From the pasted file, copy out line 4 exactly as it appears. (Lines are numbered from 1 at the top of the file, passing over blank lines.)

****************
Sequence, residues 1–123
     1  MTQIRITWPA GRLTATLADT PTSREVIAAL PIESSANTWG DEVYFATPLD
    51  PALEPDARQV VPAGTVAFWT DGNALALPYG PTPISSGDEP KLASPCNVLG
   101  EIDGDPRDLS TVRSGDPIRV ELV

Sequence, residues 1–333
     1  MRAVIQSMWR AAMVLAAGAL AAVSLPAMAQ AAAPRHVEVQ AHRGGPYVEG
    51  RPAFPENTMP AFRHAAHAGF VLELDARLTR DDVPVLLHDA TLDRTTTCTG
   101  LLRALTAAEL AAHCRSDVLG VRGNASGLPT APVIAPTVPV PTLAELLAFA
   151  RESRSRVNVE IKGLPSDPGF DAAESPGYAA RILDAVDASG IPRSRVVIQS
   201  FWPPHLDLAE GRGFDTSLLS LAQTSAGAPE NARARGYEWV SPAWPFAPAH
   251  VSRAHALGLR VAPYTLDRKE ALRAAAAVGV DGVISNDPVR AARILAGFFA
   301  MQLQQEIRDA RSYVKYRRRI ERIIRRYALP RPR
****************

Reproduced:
   101  EIDGDPRDLS TVRSGDPIRV ELV